Extension Blocks, a solution designed to create larger blockchain blocks by means of a second layer that users opt in to, is available for review with demo functionality and code. The proposal, introduced on GitHub, has gained attention recently since it addresses the need to increase the bitcoin block size without requiring a hard fork.

Andrew Lee, CEO of Purse.io, an online marketplace that encourages bitcoin use and innovation, summarized the proposal in an entry on Medium.

Christopher Jeffrey, Purse.io CTO, was among the parties publishing the proposal, along with Joseph Poon, a Lightning Network developer, Stephen Pair, BitPay CEO and Fedor Indutny, a PayPal software engineer.

A Commitment To Bitcoin

Lee said the proposal is a statement of belief in bitcoin as a global currency but in the spirit of liberty and innovation. He claimed key aspects of the bitcoin ecosystem can be maintained with Extension Blocks.

The Extension Blocks attach to the end of a canonical block when it activates. They provide the foundation of smart contracts on the bitcoin blockchain. In one Extension Blocks deployment, funds can be transferred from the canonical block and the extension block, enhancing fungibility.

In comparison to scalability solutions Segregated Witness and Emergent Consensus, Extension Blocks’ ideology encompasses the digital gold associated with Segregated Witness and the electronic cash embraced by Emergent Consensus.

Extension Blocks upgrade by means of a soft fork, a characteristic it shares with Segregated Witness, but unlike Emergent Consensus, which upgrades via a hard fork.

The proposal noted that other plans for increasing the bitcoin block transaction throughput have no proposed consensus layer solutions that have been proven to be especially safe.

Modification Of An Earlier Proposal

Johnson Lau proposed Extension Blocks in 2013. Under Lau’s proposal, funds enter and exit an extra block through opcodes. The new Extension Blocks proposal builds on Lau’s ideas but offers a simpler value transfer method. Lau proposed consensus-layer UTXO selection.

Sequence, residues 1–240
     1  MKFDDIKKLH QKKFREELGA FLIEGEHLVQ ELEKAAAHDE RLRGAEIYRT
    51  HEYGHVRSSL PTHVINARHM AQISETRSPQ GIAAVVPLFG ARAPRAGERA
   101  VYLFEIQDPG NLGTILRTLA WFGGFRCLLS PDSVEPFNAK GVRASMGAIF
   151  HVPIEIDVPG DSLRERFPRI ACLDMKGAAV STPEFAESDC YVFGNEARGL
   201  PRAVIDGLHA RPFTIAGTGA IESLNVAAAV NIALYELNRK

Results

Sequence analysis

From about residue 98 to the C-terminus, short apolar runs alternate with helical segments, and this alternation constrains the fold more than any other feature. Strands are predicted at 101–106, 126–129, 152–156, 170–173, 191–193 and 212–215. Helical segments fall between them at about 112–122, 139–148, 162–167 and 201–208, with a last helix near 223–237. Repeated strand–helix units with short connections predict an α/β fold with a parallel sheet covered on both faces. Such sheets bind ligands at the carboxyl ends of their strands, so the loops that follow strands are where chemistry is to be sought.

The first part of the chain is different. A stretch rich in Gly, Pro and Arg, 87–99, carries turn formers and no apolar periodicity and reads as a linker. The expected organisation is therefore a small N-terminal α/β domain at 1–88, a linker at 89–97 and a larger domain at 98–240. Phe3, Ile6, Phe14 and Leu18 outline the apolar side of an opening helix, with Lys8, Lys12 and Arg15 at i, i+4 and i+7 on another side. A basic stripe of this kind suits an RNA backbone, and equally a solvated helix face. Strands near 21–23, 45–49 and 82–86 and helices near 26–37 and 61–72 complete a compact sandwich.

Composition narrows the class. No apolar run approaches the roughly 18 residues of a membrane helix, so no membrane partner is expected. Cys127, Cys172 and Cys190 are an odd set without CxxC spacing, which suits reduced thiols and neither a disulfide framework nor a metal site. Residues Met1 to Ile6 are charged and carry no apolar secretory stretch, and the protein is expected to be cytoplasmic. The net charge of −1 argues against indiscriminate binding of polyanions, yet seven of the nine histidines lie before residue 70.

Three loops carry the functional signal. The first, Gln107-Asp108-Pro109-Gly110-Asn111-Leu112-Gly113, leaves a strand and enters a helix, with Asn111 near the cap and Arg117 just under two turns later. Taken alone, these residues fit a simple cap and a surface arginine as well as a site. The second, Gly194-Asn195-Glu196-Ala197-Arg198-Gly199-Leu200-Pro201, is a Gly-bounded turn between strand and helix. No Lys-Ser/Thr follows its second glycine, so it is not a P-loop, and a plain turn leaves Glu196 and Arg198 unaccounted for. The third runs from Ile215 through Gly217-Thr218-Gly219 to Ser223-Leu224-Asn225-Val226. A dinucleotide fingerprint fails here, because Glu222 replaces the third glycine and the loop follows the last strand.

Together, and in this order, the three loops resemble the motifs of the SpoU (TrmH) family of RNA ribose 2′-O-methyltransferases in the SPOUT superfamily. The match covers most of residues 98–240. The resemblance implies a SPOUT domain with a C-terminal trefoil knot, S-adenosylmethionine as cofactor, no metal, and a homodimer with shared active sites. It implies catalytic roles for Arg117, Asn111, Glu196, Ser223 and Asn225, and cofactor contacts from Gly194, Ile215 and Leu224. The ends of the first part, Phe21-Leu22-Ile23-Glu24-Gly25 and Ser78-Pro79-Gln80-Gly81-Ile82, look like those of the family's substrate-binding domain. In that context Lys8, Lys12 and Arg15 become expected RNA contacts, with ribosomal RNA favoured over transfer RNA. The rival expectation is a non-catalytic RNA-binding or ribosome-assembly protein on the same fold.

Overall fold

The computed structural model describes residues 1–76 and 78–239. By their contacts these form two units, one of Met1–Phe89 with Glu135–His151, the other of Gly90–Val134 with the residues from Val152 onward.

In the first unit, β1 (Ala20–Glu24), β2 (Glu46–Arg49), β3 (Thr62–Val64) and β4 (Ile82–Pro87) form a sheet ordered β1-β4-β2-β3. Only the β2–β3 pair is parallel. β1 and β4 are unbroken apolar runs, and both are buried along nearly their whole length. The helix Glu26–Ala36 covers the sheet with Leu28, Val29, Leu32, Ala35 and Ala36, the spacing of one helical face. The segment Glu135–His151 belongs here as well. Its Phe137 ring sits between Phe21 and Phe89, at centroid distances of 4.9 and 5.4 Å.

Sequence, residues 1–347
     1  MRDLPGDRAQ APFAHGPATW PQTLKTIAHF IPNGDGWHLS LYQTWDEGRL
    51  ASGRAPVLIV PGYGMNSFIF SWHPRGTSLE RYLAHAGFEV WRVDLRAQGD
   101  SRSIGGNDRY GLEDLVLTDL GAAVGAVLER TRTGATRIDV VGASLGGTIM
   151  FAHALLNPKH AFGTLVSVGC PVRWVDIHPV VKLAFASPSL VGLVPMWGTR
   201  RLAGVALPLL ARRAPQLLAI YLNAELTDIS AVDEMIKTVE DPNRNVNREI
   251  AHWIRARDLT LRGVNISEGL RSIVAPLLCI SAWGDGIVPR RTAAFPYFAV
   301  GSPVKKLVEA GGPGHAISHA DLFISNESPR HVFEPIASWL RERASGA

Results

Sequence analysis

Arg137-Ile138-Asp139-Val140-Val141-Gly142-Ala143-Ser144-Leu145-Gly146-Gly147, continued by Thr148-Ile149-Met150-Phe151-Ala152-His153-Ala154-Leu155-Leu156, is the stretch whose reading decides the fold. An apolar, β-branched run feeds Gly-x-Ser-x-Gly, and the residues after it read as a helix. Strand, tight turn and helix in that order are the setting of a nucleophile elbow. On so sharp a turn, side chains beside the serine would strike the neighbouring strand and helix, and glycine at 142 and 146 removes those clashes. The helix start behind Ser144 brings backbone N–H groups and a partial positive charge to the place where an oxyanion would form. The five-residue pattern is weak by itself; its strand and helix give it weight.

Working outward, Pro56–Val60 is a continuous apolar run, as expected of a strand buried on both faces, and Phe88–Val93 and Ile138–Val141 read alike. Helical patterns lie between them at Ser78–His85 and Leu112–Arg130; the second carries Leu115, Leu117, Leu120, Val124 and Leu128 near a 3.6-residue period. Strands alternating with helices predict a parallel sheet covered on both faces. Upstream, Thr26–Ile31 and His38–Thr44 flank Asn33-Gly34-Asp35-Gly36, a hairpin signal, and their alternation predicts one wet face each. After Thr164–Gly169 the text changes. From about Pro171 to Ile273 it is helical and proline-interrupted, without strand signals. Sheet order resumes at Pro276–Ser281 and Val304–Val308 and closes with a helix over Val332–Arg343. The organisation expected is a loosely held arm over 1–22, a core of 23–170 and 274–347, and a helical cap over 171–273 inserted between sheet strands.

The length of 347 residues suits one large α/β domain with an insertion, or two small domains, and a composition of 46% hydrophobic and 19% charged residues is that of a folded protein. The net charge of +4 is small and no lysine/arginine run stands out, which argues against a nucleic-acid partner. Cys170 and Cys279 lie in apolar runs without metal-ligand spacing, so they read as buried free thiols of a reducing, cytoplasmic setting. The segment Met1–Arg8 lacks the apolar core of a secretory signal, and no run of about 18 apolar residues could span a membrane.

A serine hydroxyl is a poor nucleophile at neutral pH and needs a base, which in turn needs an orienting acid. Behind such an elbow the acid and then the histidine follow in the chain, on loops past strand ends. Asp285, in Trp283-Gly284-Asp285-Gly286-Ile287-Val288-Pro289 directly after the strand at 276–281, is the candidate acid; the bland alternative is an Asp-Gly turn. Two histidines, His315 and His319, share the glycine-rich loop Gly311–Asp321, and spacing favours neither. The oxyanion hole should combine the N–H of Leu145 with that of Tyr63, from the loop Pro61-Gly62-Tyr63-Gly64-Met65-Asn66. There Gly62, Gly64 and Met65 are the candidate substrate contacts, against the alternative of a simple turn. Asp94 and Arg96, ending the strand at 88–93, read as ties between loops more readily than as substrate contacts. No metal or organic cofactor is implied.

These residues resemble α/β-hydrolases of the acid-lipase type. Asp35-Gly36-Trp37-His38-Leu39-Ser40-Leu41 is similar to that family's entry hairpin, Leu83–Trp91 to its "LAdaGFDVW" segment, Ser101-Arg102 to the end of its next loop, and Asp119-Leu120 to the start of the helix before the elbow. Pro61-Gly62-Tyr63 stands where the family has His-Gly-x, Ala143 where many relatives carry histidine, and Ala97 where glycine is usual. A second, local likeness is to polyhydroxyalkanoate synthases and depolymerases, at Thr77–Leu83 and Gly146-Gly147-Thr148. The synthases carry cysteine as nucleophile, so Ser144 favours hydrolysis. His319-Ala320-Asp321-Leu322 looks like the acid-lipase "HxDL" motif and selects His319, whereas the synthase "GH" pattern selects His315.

Extension Blocks utilize features of BIP141, BIP143 and BIP144 for transaction opt-in, verification, serialization and network services, according to the draft of the specification on GitHub. The specification is an extension to the BIPs. Since Extension Blocks are not compatible with BIP141, additional rules are needed.

Extension Blocks maintain their own UTXO set to avoid interfering with the UTXO set of non-upgraded nodes. This requires a resolution transaction at the end of every canonical block.

Opt-In Benefits

Extension Blocks benefits are provided on an opt-in basis. Those who don’t opt in can continue to use bitcoin.

The extension block provides the flexibility to increase even further by means of a soft fork. It also provides the fungibility to transfer funds to and from the extension block.

Minimal changes are required of wallet software.

Extension Blocks also supports smart contracts and Lightning Network, as well as future innovations like Rootstock and MimbleWimble.

When a majority of miners support Extension Blocks, users will be able to take advantage of its features.

A testnet will be available in a few weeks.

The Extension Blocks proposal, according to Lee, is a transparent process with bitcoin stakeholder input, including miners, users and members of the economic industry.

Also read: A new bitcoin blocksize proposal goes nowhere

Consistent With Purse.io’s Goals

The proposal is consistent with the goals of Purse.io, which was established to provide real world applications for bitcoin. It began by offering Amazon discounts. It now carries more inventory than Amazon, eBay and Google Shopping, with lower prices.

The company’s mission is to provide ultimate transparency and efficiency to global commerce.

Purse.io last year introduced bcoin, a Javascript library to help bitcoin businesses build applications. It provides a full node implementation that allows it to utilize new additions to the bitcoin code base as they become available.

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